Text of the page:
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The asteroid Apophis “God of Chaos”, and the Earth: new data on this meeting under high surveillance

Asteroid apophis

The asteroid Apophis “God of Chaos”, and the Earth: new data on this meeting under high surveillance

Decoding the Journey of Earth’s Nearby Asteroid Apophis

The asteroid Apophis, nicknamed the “God of Chaos”, the subject of numerous studies since its discovery in 2004, represents a case of particular interest due to its dangerous future proximity to our planet in 2029. Thanks to precise observations and advanced simulations, scientists were able to refine their predictions… Spoiler alert: we fear nothing!

Monitoring near-Earth asteroids constitutes a crucial part of modern astronomy, aimed at preventing risks to our planet. Among them, the asteroid Apophis, also known as asteroid 99942, stands out for its imposing size and its trajectory which will bring it remarkably close to Earth in 2029. Discovered in 2004, Apophis initially raised concerns regarding a possible collision. Moreover, it owes its name to the demon serpent, which personified evil and chaos in ancient Egyptian mythology. However, recent studies, conducted by the University of Western Ontario and the University of Waterloo, have ruled out this hypothesis. This work, available on the arXiv pre-print platform, concludes that there is no risk of collision with other asteroids which could modify its trajectory towards Earth.

The reassuring trajectory of Apophis

Near-Earth Object (NEO), estimated at around 335 meters in diameter, Apophis is infamous for its next close passes of the Earth, expected in 2029 and 2036. Indeed, on April 13, 2029 (yes, it will be a Friday!), it will brush past us at just 37,399 kilometers. Certainly, this gap remains tiny on a cosmic scale, if it does not change trajectory between now and then.

This approach, well below the orbit of many geostationary satellites, represents an unprecedented opportunity for the scientific community. The latter will be able to observe an asteroid of this size without resorting to a specific space mission. Direct observation will provide information on the composition, structure and dynamics of such a celestial body.

Despite initial concerns, extensive studies have dispelled any doubts about a potential collision with our planet. Trajectory calculations, refined through years of observations and analyses, have confirmed that Apophis poses no danger to Earth for the coming century.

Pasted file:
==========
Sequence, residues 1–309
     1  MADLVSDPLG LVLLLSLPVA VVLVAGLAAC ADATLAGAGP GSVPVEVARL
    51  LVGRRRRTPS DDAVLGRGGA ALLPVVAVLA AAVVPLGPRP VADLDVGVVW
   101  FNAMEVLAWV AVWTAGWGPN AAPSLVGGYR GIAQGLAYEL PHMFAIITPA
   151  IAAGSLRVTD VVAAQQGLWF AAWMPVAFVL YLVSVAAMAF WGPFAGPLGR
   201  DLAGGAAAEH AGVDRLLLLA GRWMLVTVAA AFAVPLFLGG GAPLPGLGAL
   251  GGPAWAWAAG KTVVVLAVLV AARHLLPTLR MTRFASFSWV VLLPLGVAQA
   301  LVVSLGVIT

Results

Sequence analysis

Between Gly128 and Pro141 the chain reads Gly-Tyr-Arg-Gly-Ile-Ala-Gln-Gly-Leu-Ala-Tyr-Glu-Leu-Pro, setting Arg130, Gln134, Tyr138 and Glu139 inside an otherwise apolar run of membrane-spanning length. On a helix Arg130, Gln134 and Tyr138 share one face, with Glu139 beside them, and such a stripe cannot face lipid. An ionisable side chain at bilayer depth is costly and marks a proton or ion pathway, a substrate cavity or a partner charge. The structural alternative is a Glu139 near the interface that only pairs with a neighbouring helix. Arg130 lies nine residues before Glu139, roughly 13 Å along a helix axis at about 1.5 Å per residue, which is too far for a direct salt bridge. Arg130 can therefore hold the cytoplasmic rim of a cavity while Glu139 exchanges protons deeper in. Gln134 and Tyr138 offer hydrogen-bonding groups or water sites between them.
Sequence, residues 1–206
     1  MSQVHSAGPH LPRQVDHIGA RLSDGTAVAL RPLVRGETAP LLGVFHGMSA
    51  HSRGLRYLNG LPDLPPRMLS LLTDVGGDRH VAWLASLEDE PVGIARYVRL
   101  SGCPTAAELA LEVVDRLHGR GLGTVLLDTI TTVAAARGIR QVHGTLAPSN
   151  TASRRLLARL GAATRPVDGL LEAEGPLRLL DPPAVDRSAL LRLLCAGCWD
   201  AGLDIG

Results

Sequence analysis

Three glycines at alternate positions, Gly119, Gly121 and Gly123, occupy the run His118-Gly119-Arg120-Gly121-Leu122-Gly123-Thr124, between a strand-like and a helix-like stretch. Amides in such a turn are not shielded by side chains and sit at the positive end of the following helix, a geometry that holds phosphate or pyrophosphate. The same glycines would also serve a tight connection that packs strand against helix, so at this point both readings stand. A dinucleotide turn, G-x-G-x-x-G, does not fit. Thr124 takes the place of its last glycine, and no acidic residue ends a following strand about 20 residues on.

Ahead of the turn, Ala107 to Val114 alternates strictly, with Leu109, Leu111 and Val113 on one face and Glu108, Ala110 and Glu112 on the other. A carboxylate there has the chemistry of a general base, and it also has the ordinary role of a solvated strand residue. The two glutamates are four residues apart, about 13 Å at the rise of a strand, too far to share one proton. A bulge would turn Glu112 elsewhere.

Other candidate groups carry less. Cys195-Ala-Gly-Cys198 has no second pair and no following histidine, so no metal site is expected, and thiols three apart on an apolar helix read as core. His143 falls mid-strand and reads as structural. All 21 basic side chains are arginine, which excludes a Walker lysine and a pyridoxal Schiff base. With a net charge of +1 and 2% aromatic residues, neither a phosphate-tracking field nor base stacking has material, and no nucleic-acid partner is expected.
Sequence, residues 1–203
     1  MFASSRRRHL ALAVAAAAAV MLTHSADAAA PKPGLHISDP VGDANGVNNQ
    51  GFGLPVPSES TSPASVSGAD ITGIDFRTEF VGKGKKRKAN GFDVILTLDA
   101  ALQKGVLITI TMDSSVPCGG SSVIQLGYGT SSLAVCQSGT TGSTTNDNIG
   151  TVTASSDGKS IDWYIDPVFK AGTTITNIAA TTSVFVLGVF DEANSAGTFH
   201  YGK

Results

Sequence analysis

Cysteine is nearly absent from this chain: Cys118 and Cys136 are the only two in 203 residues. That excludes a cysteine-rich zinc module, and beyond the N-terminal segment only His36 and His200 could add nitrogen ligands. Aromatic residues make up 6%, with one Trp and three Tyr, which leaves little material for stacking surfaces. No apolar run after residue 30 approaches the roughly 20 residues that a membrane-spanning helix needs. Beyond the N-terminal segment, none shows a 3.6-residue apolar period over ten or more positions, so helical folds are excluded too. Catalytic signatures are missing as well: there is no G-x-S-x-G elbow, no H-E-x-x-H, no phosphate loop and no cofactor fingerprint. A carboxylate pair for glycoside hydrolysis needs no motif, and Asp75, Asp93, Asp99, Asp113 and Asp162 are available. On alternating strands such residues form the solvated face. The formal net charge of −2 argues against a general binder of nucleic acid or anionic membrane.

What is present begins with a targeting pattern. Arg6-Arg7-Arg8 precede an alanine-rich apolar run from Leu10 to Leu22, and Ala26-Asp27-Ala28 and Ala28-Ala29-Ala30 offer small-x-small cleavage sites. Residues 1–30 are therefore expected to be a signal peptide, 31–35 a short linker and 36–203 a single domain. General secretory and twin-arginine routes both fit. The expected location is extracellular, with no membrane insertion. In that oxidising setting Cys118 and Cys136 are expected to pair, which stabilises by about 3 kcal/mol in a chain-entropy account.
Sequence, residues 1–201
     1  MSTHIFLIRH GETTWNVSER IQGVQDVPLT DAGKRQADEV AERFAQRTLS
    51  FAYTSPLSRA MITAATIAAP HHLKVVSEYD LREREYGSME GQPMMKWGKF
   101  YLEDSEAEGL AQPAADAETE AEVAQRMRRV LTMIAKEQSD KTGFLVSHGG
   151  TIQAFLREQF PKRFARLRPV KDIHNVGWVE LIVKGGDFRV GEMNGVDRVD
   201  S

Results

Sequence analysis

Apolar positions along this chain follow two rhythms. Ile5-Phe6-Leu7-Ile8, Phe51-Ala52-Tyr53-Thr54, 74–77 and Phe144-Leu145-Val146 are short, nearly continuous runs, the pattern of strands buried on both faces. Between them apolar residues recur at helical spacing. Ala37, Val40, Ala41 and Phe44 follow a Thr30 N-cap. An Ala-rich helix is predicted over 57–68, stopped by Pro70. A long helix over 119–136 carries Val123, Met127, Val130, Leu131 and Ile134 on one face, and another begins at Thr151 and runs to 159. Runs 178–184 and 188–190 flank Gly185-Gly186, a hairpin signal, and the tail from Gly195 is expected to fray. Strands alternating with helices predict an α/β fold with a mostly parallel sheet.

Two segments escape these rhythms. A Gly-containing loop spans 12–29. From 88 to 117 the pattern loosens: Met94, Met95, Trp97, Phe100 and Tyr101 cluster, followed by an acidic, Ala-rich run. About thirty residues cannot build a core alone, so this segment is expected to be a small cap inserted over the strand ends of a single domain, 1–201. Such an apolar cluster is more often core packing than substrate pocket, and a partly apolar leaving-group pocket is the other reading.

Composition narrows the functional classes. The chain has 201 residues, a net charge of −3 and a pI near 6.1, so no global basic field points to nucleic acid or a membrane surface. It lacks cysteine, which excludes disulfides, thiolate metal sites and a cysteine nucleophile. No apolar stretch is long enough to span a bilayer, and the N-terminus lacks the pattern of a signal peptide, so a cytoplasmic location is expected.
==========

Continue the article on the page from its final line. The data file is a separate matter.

Asteroid Spectral Types (Classification, Group, Type)

The 2029 Close Approach: A Scientific Opportunity

On April 13, 2029, Apophis will pass within approximately 31,000 kilometers (19,000 miles) of Earth’s surface. This event presents a rare opportunity for scientists to study an asteroid up close. Telescopes around the world will be trained on Apophis, providing valuable data on its size, shape, composition, and possibly even its internal structure.

To put that in perspective, this distance is closer than some of our geosynchronous satellites, which orbit at about 35,786 kilometers (22,236 miles) above the Earth’s equator. This makes the 2029 encounter with Apophis a significant event for both astronomers and the public.

Understanding Apophis’ Composition and Origin

Apophis is categorized as a Type LL chondrite asteroid, which provides clues about the early solar system. These asteroids are believed to be remnants of the primordial material that formed the planets. Studying Apophis could offer insights into the formation and evolution of our solar system.

The Role of Technology in Asteroid Monitoring

The story of Apophis highlights the importance of technological advancements in space observation and asteroid tracking. Programs like NASA’s Planetary Defense Coordination Office and the European Space Agency’s Space Situational Awareness program play crucial roles in identifying and monitoring near-Earth objects (NEOs).

Looking Beyond 2029: Future Encounters and Preparedness

While the 2029 encounter with Apophis is a primary focus, scientists are also looking ahead to its next close approach in 2036. The continuous monitoring and study of Apophis and other NEOs are vital in preparing for any potential future threats.

Conclusion: Embracing a Universe of Possibilities

Asteroid Apophis, once a harbinger of potential doom, has transformed into a symbol of scientific curiosity and human ingenuity. As we anticipate its 2029 flyby, Apophis continues to remind us of the vastness of space and our quest to understand the mysteries it holds.

This article aims to inform and engage readers with the intriguing story of Apophis, emphasizing its scientific significance and the ongoing efforts in space research and planetary defense.

Sources: Western University, PinterPandai

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